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Discharge Instructions for Meniscectomy

A meniscectomy removes all or part of the meniscus in your knee. It is done when it is not working the way that it should.

How long it takes you to heal depends on how much damage you had.

Steps to Take

Home Care

To ease pain and swelling:

  • Put an ice pack on your knee for 15 to 20 minutes at a time, many times a day. Put a towel between the ice pack and your skin.
  • Wrap your knee in an stretchy bandage. Do not wrap the bandage too tight.
  • Raise your knee above your heart.

To care for your incision:

  • Clean your incision as your care team taught you.
  • Wash your hands before and after cleaning it or changing the bandage.
  • Keep it clean and dry.
  • Ask your doctor when it is safe to shower, bathe, or soak in water.

Use a knee brace or crutches as your care team taught you.

Physical Activity

Your doctor or physical therapist will give you exercises to help with strength, balance, and range of motion. You may also have some limits:

  • Keep pressure off your leg.
  • Ask your doctor when you will be able to go back to work.
  • Do not drive unless your doctor has said it is okay.


You may have had to stop taking medicine before surgery. Ask your doctor when you can start taking it again.

You may be given pain pills.

If you are taking medicine:

  • Take your medicine as directed. Do not change the amount or schedule.
  • Ask what side effects could happen. Tell the doctor if you have any.
  • Talk to your doctor before you stop taking any prescription medicine.
  • Do not share your prescription medicine.
  • Medicine can be harmful when mixed. Talk to your doctor or pharmacist if you are taking more than one, including over the counter products and supplements.


To lower your risk of a tear:

  • Use the right techniques when you workout or play sports.
  • Wear the right footwear for your sport and playing surface.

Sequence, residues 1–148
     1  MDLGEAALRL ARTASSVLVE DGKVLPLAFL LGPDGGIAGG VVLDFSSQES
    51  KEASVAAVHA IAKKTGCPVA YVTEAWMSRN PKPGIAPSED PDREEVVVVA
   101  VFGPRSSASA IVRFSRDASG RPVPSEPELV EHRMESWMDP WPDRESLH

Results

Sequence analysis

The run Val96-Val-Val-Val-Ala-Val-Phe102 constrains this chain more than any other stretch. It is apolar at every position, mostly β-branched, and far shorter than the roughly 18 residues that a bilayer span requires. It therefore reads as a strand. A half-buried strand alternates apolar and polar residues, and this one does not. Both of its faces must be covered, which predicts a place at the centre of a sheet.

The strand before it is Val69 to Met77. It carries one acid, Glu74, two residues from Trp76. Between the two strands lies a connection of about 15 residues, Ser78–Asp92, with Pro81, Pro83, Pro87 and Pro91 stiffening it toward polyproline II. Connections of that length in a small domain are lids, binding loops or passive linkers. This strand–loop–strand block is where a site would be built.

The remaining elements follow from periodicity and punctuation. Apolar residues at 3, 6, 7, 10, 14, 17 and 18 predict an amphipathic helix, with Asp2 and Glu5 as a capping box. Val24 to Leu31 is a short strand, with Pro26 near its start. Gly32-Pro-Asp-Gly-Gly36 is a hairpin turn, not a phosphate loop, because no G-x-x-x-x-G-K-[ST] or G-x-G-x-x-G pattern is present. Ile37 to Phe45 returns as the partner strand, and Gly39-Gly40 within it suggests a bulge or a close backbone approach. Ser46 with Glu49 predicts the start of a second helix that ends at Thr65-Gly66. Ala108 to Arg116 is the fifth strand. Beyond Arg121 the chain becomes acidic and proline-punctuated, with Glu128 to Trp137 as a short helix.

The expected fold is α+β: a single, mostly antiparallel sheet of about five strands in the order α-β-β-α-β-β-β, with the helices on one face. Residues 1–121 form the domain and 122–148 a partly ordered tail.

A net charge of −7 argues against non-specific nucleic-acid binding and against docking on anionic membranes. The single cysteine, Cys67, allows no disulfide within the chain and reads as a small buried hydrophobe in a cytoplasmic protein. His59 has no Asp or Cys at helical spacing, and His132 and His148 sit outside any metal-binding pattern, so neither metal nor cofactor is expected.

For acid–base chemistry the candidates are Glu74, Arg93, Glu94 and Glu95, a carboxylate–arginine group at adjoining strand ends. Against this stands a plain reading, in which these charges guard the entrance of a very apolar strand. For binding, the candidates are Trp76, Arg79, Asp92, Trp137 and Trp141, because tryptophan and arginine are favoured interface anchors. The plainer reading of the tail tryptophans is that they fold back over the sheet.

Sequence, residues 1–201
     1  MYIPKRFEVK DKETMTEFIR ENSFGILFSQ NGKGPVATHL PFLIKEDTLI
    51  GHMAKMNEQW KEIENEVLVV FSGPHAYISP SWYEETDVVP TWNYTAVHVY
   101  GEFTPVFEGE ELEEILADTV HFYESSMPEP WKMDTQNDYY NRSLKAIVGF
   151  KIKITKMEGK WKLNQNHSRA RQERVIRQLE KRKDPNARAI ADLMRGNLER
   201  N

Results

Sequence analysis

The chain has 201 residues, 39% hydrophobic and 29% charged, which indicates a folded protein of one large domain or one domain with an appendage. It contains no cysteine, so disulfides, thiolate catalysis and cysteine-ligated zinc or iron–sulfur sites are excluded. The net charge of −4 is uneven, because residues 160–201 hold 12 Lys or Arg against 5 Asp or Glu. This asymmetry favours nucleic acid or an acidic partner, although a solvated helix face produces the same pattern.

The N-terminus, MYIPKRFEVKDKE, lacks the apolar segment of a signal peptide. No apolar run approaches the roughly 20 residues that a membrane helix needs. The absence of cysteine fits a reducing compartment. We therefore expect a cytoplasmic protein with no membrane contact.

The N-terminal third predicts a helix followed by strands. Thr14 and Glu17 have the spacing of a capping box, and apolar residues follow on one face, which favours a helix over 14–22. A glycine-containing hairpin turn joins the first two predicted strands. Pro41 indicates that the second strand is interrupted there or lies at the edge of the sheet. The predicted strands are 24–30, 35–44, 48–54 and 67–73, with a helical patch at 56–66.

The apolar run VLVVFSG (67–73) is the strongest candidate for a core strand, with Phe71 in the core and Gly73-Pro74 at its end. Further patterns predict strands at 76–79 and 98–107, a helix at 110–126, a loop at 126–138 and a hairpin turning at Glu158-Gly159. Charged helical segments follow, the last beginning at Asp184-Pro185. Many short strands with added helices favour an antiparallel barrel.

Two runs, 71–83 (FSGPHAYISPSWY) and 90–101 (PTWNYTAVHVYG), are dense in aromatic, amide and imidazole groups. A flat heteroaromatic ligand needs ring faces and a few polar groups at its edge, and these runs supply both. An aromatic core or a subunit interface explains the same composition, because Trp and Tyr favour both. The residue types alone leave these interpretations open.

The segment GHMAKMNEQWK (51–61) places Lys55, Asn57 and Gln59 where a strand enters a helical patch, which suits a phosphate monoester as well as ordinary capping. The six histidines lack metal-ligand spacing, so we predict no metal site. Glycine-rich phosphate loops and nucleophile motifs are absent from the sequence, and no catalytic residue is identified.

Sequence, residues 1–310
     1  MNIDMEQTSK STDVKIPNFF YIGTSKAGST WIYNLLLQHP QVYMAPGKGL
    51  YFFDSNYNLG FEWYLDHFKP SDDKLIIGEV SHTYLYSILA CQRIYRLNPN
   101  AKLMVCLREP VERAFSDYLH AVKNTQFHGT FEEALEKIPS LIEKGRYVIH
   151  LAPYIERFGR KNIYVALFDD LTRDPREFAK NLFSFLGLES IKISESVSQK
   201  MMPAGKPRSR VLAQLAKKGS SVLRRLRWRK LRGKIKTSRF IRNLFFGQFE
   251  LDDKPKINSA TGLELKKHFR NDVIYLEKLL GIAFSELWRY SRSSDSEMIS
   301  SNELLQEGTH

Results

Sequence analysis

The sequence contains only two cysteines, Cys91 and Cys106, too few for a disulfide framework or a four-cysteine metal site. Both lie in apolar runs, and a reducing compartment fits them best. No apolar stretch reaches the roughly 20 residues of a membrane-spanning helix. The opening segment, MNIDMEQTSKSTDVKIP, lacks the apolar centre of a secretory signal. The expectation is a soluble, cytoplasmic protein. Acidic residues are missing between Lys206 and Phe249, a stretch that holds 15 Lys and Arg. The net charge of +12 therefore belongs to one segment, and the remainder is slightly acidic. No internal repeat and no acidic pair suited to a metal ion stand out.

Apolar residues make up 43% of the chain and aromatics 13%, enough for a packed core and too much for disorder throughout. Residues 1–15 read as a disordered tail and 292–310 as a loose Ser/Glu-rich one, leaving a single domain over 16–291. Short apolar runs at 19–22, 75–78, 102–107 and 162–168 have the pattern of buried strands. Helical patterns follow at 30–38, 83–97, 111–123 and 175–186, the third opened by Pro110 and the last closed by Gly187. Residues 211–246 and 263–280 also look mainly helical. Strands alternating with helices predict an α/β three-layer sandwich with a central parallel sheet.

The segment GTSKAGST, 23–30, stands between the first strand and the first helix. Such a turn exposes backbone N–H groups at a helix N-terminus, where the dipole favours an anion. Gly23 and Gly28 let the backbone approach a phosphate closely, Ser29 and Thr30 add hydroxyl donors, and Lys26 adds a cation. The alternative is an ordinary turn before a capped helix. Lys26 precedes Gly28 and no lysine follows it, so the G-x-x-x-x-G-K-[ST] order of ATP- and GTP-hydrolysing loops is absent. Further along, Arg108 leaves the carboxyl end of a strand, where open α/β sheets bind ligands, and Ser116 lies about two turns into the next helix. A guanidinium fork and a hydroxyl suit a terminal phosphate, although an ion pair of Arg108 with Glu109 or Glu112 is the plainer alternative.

• Do exercises to make your quadriceps and hamstrings stronger.
  • Talk to your doctor about whether you should wear a knee brace for sports.


Your doctor will need to check on your progress. Go to all appointments.

Call Your Doctor If Any of the Following Occur

Call the doctor if you aren't getting better or you have:

  • Signs of infection, such as fever and chills
  • Redness, swelling, more pain, a lot of bleeding, or leaking from the incision
  • Swelling, pain, or heat in your lower legs
  • Pain that you cannot control with pain pills
  • Nausea or vomiting

If you think you have an emergency, call for medical help right away.


Ortho Info—American Academy of Orthopaedic Surgeons

Sports Med—American Orthopaedic Society for Sports Medicine


Canadian Orthopaedic Association

Canadian Orthopaedic Foundation


Arthroscopy. Johns Hopkins Medicine website. Available at: http://www.hopkinsmedicine.org/healthlibrary/test_procedures/orthopaedic/arthroscopy_procedure_92,P07676. Accessed March 4, 2019.

Knee arthroscopy. Ortho Info—American Academy of Orthopaedic Surgeons website. Available at: http://orthoinfo.aaos.org/topic.cfm?topic=A00299. Updated September 2016. Accessed March 4, 2019.

Range of motion exercises, active: teaching. EBSCO Nursing Reference Center website. Available at:https://www.ebscohost.com/nursing/products/nursing-reference-center. Updated May 11, 2018. Accessed February 28, 2019.

Last reviewed March 2019 by EBSCO Medical Review Board Warren A. Bodine, DO, CAQSM  Last Updated: 3/4/2019